High on ice

in Arts & Culture/Featured by

When the cliffs are encased in ice, a different kind of climbing adventure is born.

Leo van Ulden and a few friends — first-time ice climbers — got out to scale the Southside Hills in St. John’s recently.

Van Ulden, operator of St. John’s rock-climbing facility Wallnuts, has been climbing ice for 12 years or more.

“For me it’s a really good reason to be outside in the winter,” van Ulden says. “Obviously I enjoy climbing. And yeah, it’s a good workout.”

The roughly 50-foot climb is a relatively easy one compared to others on the island, he explains. In 2007, van Ulden co-authored the Newfoundland Climbing Guide, which highlights some of the province’s top locations for ice and rock climbing.

Van Ulden says a good season is about two months of safe ice. But this year, milder weather has meant less time to climb.

“We had quite a slow start. I guess anyone that cross-country skis, or skis or snowshoes basically went through the same thing.”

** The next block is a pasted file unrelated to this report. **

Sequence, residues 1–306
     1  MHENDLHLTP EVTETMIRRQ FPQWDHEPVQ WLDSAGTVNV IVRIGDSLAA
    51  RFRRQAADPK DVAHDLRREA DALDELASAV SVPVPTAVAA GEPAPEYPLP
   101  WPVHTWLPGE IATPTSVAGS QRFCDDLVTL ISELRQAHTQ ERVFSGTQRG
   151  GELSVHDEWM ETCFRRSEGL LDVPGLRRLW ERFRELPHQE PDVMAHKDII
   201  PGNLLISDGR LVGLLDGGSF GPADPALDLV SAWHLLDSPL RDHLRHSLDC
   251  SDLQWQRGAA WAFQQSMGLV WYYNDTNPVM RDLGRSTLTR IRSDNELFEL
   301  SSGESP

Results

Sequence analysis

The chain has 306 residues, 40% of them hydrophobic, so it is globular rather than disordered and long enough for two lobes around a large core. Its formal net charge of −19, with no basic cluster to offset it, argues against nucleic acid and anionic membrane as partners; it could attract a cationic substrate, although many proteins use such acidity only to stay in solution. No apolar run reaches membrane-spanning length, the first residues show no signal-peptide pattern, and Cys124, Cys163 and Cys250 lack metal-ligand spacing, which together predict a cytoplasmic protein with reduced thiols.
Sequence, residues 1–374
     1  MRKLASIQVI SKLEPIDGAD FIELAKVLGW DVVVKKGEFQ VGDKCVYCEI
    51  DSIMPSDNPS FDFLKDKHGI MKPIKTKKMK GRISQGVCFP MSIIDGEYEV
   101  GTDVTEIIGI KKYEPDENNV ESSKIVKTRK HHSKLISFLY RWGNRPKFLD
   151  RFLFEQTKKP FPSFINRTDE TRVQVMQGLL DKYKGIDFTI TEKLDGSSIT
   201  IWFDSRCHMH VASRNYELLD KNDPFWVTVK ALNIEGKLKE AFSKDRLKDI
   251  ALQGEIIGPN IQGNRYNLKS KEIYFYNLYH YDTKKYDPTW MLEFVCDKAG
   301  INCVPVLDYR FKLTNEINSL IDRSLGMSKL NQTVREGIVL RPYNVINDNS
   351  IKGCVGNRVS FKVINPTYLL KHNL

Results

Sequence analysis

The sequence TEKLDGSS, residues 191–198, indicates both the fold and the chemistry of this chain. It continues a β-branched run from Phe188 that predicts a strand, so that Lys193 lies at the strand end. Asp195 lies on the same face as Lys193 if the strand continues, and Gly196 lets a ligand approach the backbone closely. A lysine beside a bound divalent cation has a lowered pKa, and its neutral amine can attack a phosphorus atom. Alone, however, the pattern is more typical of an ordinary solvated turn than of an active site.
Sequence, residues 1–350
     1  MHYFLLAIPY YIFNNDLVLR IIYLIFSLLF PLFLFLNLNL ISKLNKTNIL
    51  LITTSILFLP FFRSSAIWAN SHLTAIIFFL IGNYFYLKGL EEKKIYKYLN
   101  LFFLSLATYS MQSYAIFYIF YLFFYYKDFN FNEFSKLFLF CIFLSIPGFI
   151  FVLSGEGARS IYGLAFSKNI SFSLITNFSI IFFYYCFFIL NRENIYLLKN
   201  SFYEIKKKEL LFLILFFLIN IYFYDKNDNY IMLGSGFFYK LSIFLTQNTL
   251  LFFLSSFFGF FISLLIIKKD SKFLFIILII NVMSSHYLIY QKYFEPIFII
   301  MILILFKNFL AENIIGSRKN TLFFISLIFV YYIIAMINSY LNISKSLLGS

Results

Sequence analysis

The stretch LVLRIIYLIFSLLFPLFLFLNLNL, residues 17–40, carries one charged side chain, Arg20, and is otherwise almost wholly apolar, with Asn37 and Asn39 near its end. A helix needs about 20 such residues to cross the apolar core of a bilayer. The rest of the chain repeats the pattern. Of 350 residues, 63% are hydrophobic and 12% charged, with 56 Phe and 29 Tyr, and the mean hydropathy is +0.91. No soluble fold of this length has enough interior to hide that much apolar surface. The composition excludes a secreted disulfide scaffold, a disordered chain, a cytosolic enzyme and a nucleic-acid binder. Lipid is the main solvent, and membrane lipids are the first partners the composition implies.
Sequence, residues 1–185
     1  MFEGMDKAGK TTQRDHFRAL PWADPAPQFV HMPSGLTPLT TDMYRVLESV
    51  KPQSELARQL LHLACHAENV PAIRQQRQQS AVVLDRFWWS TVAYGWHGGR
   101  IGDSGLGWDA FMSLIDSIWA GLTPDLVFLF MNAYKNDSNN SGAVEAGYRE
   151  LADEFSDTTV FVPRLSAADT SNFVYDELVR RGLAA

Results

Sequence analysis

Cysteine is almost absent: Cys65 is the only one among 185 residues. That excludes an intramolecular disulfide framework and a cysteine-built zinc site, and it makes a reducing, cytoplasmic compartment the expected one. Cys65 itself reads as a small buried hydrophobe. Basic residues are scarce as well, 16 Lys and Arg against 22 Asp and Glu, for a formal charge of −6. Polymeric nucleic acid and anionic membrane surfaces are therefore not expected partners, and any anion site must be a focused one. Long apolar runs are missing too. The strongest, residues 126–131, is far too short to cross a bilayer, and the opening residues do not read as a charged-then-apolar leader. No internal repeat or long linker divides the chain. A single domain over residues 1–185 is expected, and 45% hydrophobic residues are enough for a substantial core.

The fifth wall

As far as climbing goes, ice is a completely different medium, van Ulden assures.

“You are still climbing but it would be like comparing rock climbing to climbing a tree.”

And while it’s not necessarily less safe than its summertime counterpart, ice climbing does come with new challenges.

“At some point it takes a bit of knowledge as far as getting used to the conditions and you can’t go out when it’s really warm out because the ice isn’t very stable,” he says, noting that he’s yet to slip up or fall down ice climbing.

In addition to attuning oneself to the colder climate, ice climbers have a larger financial investment to consider. Ice picks and crampons are essential.

“That’s a basic set up that you would need on top of your rock climbing gear, so it’s a little more gear-intensive,” van Ulden explains.

Whether or not Wallnuts might someday offer ice-training classes, in addition to their basic climbing courses and programs, is another story.